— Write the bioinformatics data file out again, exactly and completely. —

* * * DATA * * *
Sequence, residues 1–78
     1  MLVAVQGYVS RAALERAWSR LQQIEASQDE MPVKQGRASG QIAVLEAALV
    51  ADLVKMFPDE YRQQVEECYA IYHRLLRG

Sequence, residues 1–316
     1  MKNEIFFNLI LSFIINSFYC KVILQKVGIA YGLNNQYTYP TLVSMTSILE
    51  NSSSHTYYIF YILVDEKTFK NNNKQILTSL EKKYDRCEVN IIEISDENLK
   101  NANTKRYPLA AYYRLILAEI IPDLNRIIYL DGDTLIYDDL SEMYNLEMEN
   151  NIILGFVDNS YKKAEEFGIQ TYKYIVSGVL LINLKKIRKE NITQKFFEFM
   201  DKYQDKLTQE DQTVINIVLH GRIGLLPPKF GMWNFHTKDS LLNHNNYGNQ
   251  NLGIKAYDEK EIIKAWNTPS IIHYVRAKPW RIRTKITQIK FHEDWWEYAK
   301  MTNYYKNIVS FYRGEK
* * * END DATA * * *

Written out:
Sequence, residues 1–78
     1  MLVAVQGYVS RAALERAWSR LQQIEASQDE MPVKQGRASG QIAVLEAALV
    51  ADLVKMFPDE YRQQVEECYA IYHRLLRG

Sequence, residues 1–316
     1  MKNEIFFNLI LSFIINSFYC KVILQKVGIA YGLNNQYTYP TLVSMTSILE
    51  NSSSHTYYIF YILVDEKTFK NNNKQILTSL EKKYDRCEVN IIEISDENLK
   101  NANTKRYPLA AYYRLILAEI IPDLNRIIYL DGDTLIYDDL SEMYNLEMEN
   151  NIILGFVDNS YKKAEEFGIQ TYKYIVSGVL LINLKKIRKE NITQKFFEFM
   201  DKYQDKLTQE DQTVINIVLH GRIGLLPPKF GMWNFHTKDS LLNHNNYGNQ
   251  NLGIKAYDEK EIIKAWNTPS IIHYVRAKPW RIRTKITQIK FHEDWWEYAK
   301  MTNYYKNIVS FYRGEK